Global Property Market Faces $175 Billion Debt Spiral: The slump in the world's biggest asset class has spread from the housing market to commercial real estate, threatening to unleash waves of credit turmoil across the economy. Almost $175 billion of real estate credit is already distressed, according to data compiled by Bloomberg — about four times more than the next biggest industry. As the toll from higher interest rates and the end of easy money mounts, many real estate markets are almost frozen with some lenders telling borrowers to sell assets or risk foreclosure amid demands for additional capital from landlords. Distress levels in European real estate are at the highest in a decade, in part because of a decline in liquidity, according to a study by law firm Weil, Gotshal & Manges. UK commercial property values fell more than- 20% in the second half of 2022. In the US, the drop was about -9%. The fall in transactions and development in commercial and residential real estate will inevitably impact spending in the real economy. In turn, that could pose a risk to jobs and growth. The signs of a downturn are mounting in the US. But despite a dip, commercial property values “are still moderately overpriced,” said Michael Knott, head of US REIT Research at Green Street, who expects another 5% to 10% decline this year. “Appraisers are behind the curve, transaction activity has slowed down considerably.” Source: Bloomberg.
New Federal Tax Brackets for 2023 Reflect Surge in Inflation: The income thresholds for the seven federal tax brackets increased by a bigger-than-normal amount for the 2023 tax year to reflect runaway inflation seen last year. “They are just the usual changes due to inflation," Jon Whiten, from the Institute on Taxation and Economic Policy told Yahoo Finance. "More dramatic this year since inflation was also dramatic.” The inflation-adjusted amounts jumped by more than 7% from 2022, according to the Tax Policy Center, compared with last year's 3% uptick. The changes themselves are not a new development — the Internal Revenue Service adjusts its tax brackets annually for inflation. One positive outcome: Taxpayers whose income didn’t rise on par with inflation last year will likely avoid tax bracket creep in 2023 and ultimately pay lower taxes. According to the latest Bureau of Labor Statistics data, wages only increased 4.4% for the 12-month run ending September 2022, up just 2.4% from a year earlier. Though some folks saw a jump in their salaries last year, most of those gains still fell behind rising inflation levels. Source Finance Yahoo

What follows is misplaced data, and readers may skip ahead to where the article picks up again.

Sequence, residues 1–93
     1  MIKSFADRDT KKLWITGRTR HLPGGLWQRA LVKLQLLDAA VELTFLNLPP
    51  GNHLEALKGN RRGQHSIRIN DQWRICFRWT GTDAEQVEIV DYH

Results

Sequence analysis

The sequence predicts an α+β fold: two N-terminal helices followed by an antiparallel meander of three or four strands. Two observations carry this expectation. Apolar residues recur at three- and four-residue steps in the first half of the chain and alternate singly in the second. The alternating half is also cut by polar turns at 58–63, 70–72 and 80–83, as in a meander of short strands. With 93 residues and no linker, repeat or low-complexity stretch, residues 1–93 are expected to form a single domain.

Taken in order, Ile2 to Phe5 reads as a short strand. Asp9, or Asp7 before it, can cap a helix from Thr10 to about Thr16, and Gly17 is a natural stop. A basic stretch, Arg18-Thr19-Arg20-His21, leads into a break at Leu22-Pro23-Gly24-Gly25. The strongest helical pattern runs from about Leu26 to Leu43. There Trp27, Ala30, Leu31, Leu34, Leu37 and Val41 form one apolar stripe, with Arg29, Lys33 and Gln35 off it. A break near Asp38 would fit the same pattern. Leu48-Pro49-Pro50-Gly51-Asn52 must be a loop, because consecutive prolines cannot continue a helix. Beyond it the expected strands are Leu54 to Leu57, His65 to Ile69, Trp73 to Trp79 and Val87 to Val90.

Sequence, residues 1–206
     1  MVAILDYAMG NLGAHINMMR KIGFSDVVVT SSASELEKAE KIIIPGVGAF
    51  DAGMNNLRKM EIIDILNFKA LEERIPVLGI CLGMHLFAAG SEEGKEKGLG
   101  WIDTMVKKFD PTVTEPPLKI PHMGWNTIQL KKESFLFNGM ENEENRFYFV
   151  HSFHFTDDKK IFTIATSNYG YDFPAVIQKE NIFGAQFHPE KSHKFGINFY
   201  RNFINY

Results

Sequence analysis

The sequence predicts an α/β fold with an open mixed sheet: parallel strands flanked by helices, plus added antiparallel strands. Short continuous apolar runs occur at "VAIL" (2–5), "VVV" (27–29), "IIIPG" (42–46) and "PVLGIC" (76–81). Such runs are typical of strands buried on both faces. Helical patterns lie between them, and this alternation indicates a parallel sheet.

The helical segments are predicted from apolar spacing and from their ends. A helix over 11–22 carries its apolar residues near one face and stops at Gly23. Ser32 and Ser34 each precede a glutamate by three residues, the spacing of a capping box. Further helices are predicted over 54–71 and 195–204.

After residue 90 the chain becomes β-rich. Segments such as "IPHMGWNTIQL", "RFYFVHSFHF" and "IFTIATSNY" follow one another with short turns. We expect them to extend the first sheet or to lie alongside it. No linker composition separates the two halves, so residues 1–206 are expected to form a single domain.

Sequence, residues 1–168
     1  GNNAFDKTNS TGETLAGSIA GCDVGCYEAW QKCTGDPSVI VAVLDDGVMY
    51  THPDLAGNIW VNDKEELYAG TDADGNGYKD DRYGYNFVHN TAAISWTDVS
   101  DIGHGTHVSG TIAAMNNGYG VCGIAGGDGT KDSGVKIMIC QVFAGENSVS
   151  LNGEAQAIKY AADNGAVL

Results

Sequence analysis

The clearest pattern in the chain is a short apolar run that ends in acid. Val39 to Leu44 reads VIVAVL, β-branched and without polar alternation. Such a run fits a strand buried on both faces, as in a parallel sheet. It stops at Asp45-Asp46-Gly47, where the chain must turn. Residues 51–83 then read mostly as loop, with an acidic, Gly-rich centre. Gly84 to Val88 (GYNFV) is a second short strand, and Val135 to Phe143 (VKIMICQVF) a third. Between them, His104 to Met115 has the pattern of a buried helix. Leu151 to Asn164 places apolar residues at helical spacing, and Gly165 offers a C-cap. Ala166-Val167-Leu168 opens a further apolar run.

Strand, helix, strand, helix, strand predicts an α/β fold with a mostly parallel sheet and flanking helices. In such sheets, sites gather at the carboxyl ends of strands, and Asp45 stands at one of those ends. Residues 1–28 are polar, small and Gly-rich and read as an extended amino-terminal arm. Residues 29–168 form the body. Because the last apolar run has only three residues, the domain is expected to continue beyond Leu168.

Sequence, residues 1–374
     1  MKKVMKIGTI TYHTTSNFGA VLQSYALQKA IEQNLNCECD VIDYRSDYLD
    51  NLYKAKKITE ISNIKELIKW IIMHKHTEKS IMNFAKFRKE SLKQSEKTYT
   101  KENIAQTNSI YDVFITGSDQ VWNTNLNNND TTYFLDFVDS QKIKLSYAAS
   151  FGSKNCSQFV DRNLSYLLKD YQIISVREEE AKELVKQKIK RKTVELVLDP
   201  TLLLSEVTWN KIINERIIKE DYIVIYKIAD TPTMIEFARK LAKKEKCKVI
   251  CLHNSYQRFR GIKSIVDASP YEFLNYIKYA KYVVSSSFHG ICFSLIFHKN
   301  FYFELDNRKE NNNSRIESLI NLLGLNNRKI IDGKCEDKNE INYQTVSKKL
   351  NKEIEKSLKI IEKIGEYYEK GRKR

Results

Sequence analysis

Unemployment Lasting Longer as Jobs Get Tougher to Find: Unemployed Americans across the U.S. are spending more time out of work as employers slow down hiring from a red-hot pace earlier in the pandemic. In December, 826,000 unemployed workers had been out of a job for about 3½ to 6 months, up from 526,000 in April 2022, according to the Labor Department. Earlier this month, the number of people seeking ongoing unemployment benefits, known as continuing claims, was 26% above half-century lows reached last spring. When employers turn cautious about the economic outlook, they are more likely to first pull back on hiring than they are to resort to layoffs because it is less costly to resume hiring. Postings on job-search site Indeed.com in software development were down -38.5% on Jan. 6 from a year earlier, while they were -30.8% lower in media and -25.6% lower in banking and finance. Overall postings were down -9.9%. Ads on Indeed.com for human-resources jobs have dropped sharply over the past year as well. “That suggests that overall hiring will be pulling back as well,” said Nick Bunker, economist at Indeed. “You only stop hiring the people who help you hire when you have no plans to further expand.” Source WSJ